But some green-car buyers don’t want to give up sex appeal. Tesla Motors, the Silicon Valley start-up that is perhaps Fisker’s closest competitor, has sold about 1,000 of its ultra-sporty, electric Roadster (0 to 60 in 3.9 seconds) at $109,000. Audi, Mercedes and BMW all have EVs or hybrids in the works, and Porsche recently unveiled its 918 Spyder plug-in hybrid concept.

But the most anticipated debut of all—the one that has inspired real curiosity among the diehards who like their cars throaty and powerful—will be the Karma, unveiled as a concept car a little more than two years ago and scheduled for production late this year. The car represents a nearly billion-dollar bet on the future of American automaking. It’s an attempt to create, from scratch, an American car company that will defy history merely by surviving. Not only that, the company actually plans to export cars to Europe and Asia. And it all stems from the outsize ambition of Henrik Fisker. “He’s become very important to this industry,” says an executive involved in the electric-car business. “I don’t even think he realizes how important he is.”

The federal government believes in Fisker. Last September, the Department of Energy awarded Fisker Automotive a $529-million loan to finish the Karma and begin work on its next car, the more affordable four-door code-named Nina. Fisker hopes to sell 15,000 Karmas, and then a whopping 100,000 Ninas. Last June, Henrik Fisker made the cover of Forbes, which dubbed his company “The Next Detroit.”

But this isn’t just a product release. It’s the company’s first ever, incorporating technology that no one, including the giants of automotive engineering, has perfected yet. Which is why Fisker’s secrecy is worrisome. Some are leery of Quantum Fuel Systems Technologies Worldwide, a little-known company that created the powertrain with Fisker. And Fisker is on its third battery supplier in three years. A mishap in a Fisker—or any other EV—could cripple the whole segment, pushing buyers and investors away. “There are 750 gas-car fires every day,” an EV engineer told me. But with battery-powered cars like the Karma, “one single failure will be headline news.”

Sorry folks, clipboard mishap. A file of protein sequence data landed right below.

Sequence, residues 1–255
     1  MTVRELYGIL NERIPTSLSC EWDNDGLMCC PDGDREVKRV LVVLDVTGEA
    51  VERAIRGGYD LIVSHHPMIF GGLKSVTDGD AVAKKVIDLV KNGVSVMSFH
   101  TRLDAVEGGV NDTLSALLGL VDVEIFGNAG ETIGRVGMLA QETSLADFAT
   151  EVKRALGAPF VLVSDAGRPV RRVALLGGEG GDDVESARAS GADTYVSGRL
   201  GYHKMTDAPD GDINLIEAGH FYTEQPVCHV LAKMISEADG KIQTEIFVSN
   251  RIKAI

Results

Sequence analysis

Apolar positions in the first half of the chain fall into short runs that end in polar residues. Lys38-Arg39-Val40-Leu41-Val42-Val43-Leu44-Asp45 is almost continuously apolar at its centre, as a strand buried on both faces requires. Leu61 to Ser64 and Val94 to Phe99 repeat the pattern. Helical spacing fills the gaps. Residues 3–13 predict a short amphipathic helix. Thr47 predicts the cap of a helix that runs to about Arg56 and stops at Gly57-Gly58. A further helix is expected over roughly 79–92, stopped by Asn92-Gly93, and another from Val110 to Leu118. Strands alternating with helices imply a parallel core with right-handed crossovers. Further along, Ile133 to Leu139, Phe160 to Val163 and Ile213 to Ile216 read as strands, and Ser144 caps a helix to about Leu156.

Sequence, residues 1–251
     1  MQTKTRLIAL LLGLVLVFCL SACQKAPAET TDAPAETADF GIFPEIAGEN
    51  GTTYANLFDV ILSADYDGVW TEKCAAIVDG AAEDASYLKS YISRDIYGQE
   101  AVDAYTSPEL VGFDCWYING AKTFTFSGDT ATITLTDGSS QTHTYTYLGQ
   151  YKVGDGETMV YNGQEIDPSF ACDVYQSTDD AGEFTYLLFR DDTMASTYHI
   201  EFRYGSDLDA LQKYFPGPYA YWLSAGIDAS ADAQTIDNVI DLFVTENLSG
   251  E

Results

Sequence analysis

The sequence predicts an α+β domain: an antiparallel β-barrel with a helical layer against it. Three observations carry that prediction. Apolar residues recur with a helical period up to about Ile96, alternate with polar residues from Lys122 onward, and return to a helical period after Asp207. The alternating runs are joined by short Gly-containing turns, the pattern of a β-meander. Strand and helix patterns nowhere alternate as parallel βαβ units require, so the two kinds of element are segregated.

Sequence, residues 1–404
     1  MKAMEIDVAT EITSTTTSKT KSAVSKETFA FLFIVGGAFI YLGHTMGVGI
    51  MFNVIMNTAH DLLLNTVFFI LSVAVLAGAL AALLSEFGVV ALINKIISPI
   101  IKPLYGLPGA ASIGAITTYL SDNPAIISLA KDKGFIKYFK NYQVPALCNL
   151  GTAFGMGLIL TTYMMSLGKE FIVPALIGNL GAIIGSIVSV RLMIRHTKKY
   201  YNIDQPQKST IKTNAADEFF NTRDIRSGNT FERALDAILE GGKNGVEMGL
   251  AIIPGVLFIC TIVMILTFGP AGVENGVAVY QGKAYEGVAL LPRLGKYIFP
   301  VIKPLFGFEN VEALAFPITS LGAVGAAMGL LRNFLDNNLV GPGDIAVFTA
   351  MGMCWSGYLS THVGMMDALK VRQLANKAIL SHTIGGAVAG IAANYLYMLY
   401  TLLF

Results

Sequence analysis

The company has a highly respected founder, attractive prototypes and a half-billion-dollar government loan. But is Fisker’s sleek, expensive vision of an electric vehicle a forecast of the future, or the kind of rarefied concept that litters the past?

“Anybody can draw a f- -king box,” says a car-company executive who has observed Fisker closely. “What matters is what’s inside, the powertrain that makes the thing go. And nobody has seen that yet.”


Fisker’s offices in Irvine, California, seem very quiet for a company trying to put vehicles on the road in less than a year. I count only about a dozen employees, and about the same number of cars in the parking lot (a spokesman says 28 employees work there, with another 30 on the way from Fisker’s just-closed Michigan office). Upstairs, there are vast expanses of empty, carpeted office space. But when I meet the 46-year-old Fisker, his unlined face and deep intonation betray no feelings of doubt whatsoever. And then I see why. It’s the car.

The Karma concept prototype sits in the lobby. It’s beautiful, like a long-limbed woman lying on her side. I linger for a moment before being ushered past a fingerprint-identifying security system to a back room filled with clay models, prototypes and disembodied chassis. In one corner sits a newer, shorter version of the Karma, the Sunset hardtop convertible, which Fisker announced last year. I get to sit inside it for a luxurious few minutes. The other six Karmas are off at various car shows or test labs, but I spot a prototype of yet another new model, a follow-up version of the Karma, hidden beneath a tarp. It looks to be some sort of crossover or quasi-SUV, but my queries go nowhere and the tarp stays on. “Whenever we reveal something, other car companies copy us,” Fisker says later. “Why should we give them a head start?”